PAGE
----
Expanded Tribal Court Jurisdiction Helps Address Violence Against Indigenous Women

Because tribal courts have been stripped of their sovereignty, violence against Indigenous women has long been a problem. But recent advances have restored partial criminal jurisdiction to tribes.

Molly Simons is an Institutional Giving Intern at Sanctuary for Families. A senior at Trinity College, she is writing a thesis about violence against Indigenous women. ________________________________________________________________________________

While only referencing the U.S., this blog post will use Indigenous to refer to American Indian and Alaska Native (AI/AN) communities and members.

Through legislative and judicial decisions, the U.S. federal government has finally started to allow tribal courts to try non-Indigenous defendants when they commit certain crimes against Indigenous tribe members on tribal land. This fight for expanded jurisdiction has been going on since the inception of the U.S., largely through advocacy work against federal overreach into tribal sovereignty. The Violence Against Women Act’s (VAWA) reauthorizations in 2013 and 2022 have been the culmination of this advocacy, expanding tribal court jurisdiction in significant ways.

To understand these recent expansions, it helps to know a brief history of tribal court criminal jurisdiction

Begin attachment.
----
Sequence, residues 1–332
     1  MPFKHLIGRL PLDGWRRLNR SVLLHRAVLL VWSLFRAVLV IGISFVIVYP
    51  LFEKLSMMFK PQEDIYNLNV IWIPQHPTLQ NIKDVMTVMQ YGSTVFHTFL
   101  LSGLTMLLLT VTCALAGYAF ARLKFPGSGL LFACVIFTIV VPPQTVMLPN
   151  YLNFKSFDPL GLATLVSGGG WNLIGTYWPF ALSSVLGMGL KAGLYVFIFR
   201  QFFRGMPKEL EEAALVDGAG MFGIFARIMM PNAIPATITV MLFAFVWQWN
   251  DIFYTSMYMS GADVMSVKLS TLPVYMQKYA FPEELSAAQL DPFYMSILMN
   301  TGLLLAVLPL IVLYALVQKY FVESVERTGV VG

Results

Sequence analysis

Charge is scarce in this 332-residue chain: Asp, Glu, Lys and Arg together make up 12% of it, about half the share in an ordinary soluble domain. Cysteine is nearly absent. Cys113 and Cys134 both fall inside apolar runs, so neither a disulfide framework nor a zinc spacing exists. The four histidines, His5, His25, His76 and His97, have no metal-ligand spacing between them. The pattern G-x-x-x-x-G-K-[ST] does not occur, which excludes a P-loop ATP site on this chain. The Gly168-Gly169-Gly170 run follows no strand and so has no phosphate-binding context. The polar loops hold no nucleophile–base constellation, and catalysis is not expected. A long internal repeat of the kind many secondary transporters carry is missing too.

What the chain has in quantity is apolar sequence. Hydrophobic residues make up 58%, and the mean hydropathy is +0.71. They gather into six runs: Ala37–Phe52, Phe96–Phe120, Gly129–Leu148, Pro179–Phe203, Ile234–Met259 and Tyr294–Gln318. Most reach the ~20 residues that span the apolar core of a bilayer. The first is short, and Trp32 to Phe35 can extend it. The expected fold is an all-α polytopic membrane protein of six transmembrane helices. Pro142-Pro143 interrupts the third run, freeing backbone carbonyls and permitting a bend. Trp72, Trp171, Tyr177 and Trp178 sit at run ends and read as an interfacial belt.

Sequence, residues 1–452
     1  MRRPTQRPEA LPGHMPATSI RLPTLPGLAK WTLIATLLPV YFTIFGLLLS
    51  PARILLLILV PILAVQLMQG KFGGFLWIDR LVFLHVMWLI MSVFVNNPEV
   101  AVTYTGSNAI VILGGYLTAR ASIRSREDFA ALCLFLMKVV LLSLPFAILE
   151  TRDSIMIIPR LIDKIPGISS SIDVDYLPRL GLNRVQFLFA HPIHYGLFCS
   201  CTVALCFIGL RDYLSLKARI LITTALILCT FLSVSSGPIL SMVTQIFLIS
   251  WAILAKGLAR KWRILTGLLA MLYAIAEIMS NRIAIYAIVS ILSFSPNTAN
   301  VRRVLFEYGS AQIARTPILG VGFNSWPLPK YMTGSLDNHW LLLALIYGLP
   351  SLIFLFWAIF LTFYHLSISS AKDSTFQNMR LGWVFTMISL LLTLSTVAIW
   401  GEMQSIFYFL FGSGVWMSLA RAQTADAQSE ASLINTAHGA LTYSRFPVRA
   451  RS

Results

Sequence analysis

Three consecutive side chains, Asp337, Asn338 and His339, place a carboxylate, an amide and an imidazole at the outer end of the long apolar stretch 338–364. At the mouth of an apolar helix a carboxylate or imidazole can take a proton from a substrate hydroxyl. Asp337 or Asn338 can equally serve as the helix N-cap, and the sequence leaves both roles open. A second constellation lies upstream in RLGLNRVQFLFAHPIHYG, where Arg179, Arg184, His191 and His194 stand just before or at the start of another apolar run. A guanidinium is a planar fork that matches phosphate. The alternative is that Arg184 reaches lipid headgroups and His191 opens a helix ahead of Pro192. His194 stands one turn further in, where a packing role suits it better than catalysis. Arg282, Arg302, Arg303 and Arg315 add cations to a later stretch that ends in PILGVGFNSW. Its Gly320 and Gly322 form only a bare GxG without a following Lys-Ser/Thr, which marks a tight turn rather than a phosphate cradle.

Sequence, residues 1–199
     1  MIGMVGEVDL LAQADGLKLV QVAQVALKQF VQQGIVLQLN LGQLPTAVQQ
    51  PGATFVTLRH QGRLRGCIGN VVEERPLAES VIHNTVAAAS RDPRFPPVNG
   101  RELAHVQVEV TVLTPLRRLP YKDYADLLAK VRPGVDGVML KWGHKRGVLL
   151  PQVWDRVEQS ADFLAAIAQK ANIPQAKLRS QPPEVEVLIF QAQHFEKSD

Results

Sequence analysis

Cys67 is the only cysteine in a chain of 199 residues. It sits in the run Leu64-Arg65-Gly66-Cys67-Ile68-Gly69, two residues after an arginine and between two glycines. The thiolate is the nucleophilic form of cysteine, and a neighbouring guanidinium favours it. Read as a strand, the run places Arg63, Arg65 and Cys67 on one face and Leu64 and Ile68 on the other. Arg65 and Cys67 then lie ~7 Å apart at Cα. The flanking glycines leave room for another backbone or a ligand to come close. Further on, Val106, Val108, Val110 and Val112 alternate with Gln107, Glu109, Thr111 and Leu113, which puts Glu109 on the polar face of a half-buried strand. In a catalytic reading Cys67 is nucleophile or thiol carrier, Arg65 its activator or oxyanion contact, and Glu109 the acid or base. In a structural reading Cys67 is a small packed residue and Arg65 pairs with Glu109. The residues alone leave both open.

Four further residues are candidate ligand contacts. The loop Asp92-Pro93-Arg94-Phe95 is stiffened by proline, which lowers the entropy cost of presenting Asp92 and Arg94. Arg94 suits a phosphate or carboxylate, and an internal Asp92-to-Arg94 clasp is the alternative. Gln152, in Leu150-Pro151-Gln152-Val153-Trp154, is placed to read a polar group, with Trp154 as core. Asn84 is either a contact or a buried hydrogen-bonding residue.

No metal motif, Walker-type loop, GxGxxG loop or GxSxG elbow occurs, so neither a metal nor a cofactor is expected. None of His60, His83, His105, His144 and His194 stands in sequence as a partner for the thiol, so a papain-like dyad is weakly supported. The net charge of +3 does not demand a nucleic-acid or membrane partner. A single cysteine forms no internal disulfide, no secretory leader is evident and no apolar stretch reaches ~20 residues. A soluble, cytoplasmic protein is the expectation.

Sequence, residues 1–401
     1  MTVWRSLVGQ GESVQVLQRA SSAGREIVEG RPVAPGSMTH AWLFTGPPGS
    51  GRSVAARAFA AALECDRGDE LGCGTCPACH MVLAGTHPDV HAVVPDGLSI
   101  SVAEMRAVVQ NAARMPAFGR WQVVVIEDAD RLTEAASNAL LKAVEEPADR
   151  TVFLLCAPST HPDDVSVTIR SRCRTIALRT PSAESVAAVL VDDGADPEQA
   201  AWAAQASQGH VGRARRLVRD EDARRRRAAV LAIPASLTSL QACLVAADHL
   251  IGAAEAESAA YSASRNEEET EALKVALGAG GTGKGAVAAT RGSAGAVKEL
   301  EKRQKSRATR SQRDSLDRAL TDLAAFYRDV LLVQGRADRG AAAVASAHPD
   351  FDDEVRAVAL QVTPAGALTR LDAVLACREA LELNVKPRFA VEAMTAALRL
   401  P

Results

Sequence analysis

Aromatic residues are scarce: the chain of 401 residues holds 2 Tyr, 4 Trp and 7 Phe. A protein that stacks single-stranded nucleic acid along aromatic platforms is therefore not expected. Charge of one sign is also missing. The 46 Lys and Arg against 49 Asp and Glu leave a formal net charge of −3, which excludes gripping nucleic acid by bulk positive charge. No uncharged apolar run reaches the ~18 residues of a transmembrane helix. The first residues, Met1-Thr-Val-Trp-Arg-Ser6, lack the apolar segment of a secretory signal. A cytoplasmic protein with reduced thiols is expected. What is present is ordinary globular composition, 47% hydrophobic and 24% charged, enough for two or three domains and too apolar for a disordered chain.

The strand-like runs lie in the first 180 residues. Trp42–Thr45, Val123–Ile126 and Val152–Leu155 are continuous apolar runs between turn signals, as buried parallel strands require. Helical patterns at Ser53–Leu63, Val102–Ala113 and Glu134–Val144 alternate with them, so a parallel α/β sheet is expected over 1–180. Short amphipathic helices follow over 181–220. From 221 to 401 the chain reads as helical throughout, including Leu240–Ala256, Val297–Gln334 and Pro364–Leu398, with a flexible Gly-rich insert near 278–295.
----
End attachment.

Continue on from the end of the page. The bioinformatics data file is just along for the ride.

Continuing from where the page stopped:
Government overreach into tribal court jurisdiction began in 1883, when Crow Dog, a member of the Brule Sioux Tribe, was tried for murdering fellow tribal member Spotted Tail on reservation land. The Sioux Tribal Court handled the case, Ex parte Crow Dog, internally, but the US Territory of Dakota however, declared the Sioux decision insufficient and demanded the hanging of Crow Dog. The case was appealed to the Supreme Court, which ruled that the federal government did not have jurisdiction to try a crime committed by one Indigenous person against another Indigenous person if the crime occurred on reservation land or in Indigenous space.

Congress, which did not want to leave Indigenous power unchecked, reacted by passing the Major Crimes Act of 1885, which gave the federal courts exclusive jurisdiction over 15 major crimes—even if those crimes were committed on Indigenous lands by Indigenous defendants. The Major Crimes Act, still in effect today, not only stripped tribal courts of their sovereignty over those crimes, but also stripped them of decades of funding and money. Tribal courts were left without the resources to pursue domestic violence cases, leaving Indigenous space—particularly the space occupied by women—open for crime.

In 1978, tribal courts’ jurisdiction was narrowed even further. In Oliphant v. Suquamish Indian Tribe, the Supreme Court ruled that tribal courts did not have the right to try non-Indigenous defendants—even for crimes committed on Indigenous lands against Indigenous people. The ruling reversed a 1976 Ninth Circuit Court of Appeals decision that upheld the power of the Suquamish Tribal Court to try two non-Indigenous defendants for reckless driving, resisting arrest, and assault. The tribe argued, and the lower court agreed, that since the tribe had never ceded the power to try non-Indigenous defendants and Congress had never “expressly terminated” said power, the tribal court should have full jurisdiction. The Supreme Court disagreed and claimed that “absent an express congressional delegation of power,” the Suquamish Tribal Court did not have the jurisdiction to try the non-Indigenous defendants.